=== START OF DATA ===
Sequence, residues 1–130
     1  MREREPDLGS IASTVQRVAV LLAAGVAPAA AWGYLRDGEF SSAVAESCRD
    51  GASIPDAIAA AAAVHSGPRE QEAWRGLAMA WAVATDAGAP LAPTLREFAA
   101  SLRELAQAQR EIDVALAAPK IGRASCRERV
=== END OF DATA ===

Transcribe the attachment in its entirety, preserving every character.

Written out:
Sequence, residues 1–130
     1  MREREPDLGS IASTVQRVAV LLAAGVAPAA AWGYLRDGEF SSAVAESCRD
    51  GASIPDAIAA AAAVHSGPRE QEAWRGLAMA WAVATDAGAP LAPTLREFAA
   101  SLRELAQAQR EIDVALAAPK IGRASCRERV